Mark fights his way out of the grogginess, barely gaining full consciousness.
The floating man leans in to Marks face. “You stay here! You pay attention! You slowly go mad with terror!” The rotting smell is nauseating.
Now_! comes the companion spirit’s quiet voice. _He’s right where we want him!
Mark unsteadily looks up at this foul being in human form. “I guess cough my plan worked hack wheeze imperfectly.” He struggles to look him … it … in the eye. “For your information, thunder demon, I’m no magician.”
The floating man gets that annoyed look again during Mark’s speech. He opens his mouth to retort.
Mark reaches up over his head to grab the tank support. He plants a foot on the support below him. And he heaves with the last of his strength.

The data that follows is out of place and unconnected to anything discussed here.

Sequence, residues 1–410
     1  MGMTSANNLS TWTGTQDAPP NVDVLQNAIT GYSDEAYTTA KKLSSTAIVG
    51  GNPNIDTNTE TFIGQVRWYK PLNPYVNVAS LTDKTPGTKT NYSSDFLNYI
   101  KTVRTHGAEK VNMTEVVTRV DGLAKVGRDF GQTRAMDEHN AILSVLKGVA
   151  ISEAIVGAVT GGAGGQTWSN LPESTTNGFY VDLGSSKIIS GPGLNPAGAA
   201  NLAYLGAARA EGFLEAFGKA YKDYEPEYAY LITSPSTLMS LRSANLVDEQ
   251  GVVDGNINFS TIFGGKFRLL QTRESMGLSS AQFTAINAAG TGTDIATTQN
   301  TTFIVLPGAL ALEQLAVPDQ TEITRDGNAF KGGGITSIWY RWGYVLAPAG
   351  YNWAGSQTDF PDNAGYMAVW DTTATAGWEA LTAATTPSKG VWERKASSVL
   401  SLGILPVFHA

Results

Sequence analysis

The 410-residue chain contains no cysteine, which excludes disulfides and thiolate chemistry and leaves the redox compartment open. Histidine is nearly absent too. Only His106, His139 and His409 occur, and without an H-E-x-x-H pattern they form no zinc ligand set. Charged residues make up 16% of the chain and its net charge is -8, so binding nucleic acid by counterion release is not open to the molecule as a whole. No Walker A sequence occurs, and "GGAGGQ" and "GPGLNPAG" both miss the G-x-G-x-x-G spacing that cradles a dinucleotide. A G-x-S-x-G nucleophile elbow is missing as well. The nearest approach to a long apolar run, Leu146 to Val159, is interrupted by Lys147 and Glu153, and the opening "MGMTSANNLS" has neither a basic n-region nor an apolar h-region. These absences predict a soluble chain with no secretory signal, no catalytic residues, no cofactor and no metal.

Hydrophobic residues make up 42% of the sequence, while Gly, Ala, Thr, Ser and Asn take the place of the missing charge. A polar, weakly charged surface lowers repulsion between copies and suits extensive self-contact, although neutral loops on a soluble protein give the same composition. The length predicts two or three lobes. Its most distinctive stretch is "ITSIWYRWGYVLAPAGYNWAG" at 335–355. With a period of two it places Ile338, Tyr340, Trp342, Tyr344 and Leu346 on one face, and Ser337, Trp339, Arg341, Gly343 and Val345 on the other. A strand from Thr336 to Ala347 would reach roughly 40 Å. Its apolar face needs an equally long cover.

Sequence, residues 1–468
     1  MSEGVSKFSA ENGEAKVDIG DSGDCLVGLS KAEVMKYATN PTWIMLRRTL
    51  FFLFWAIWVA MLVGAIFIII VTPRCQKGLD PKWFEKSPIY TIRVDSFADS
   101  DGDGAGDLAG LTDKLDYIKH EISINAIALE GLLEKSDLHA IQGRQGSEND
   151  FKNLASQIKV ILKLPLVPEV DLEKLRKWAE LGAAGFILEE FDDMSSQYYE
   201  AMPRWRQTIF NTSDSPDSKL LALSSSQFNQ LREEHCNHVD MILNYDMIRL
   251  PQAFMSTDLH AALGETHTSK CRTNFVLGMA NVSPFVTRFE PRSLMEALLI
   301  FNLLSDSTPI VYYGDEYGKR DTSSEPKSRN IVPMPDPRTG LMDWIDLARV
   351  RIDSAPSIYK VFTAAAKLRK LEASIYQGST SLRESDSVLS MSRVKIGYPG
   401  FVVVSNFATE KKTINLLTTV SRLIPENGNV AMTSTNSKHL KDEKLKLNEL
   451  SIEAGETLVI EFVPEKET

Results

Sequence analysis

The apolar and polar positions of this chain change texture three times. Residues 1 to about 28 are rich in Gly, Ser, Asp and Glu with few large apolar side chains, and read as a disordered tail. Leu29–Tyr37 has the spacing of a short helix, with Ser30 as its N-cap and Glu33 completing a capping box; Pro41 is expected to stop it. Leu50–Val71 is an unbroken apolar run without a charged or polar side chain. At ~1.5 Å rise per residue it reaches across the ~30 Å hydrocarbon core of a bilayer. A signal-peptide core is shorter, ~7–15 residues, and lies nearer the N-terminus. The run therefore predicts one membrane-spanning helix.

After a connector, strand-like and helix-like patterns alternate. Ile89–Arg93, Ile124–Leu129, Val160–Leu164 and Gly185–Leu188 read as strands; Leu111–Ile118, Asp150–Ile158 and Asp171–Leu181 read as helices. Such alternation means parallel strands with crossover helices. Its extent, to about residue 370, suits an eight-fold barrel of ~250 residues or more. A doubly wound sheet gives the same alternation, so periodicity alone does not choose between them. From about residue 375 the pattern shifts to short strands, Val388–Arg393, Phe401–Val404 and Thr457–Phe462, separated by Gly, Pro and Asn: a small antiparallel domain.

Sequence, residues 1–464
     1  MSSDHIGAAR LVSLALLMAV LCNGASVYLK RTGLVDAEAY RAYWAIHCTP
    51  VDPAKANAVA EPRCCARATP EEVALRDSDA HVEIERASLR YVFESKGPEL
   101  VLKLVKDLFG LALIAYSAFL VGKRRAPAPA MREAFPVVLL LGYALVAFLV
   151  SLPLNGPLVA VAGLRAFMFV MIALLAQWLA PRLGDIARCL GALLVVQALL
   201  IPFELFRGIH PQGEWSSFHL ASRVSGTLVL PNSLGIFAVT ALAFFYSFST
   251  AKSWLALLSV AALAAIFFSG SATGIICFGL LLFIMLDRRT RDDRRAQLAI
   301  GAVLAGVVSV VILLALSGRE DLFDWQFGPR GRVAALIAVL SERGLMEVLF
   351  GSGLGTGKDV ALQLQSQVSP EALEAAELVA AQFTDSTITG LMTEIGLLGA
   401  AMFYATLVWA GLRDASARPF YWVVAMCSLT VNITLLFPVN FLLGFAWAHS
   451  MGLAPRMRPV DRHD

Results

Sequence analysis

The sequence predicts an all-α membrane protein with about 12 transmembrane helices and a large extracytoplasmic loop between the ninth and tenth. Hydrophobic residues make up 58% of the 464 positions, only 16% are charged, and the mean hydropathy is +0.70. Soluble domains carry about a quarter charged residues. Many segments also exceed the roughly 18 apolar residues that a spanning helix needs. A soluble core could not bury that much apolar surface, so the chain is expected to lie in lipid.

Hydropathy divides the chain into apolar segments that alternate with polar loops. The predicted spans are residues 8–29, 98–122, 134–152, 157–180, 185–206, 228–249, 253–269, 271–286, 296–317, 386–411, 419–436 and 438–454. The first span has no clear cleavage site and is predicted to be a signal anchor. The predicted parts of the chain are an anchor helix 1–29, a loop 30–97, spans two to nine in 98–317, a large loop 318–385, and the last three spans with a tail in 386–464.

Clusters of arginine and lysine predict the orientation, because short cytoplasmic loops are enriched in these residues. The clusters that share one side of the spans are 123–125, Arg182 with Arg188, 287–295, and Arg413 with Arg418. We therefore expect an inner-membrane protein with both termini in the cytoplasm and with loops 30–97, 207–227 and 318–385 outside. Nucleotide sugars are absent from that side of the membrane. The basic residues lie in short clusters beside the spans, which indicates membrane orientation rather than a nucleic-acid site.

The post snaps behind Mark’s back. Fire burns through Mark’s gut as the lightning spear slides through. The floating man looks up. “What? Breaking things is no…” Then his eyes widen.
The water tower begins to twist and topple, directly down over its broken support. The walls of the tank buckle, and the bottom splits. Tens of thousands of gallons of water thunder down through the broken seams.
“How can it be,” marvels the floating man, between instants, “that water covers most of your world, that you yourselves are mostly water, that water continually falls out of the sky, a_nd yet you still keep giant barrels of MORE WATER on the top of tall buildings for no reason whatever?!_”
The water crashes down onto the two of you.
The floating man’s screams, echoing from the sky itself, can be heard over the cascading water and the furious thunder. The spear has vanished. The rooftop lurches, beginning to tilt.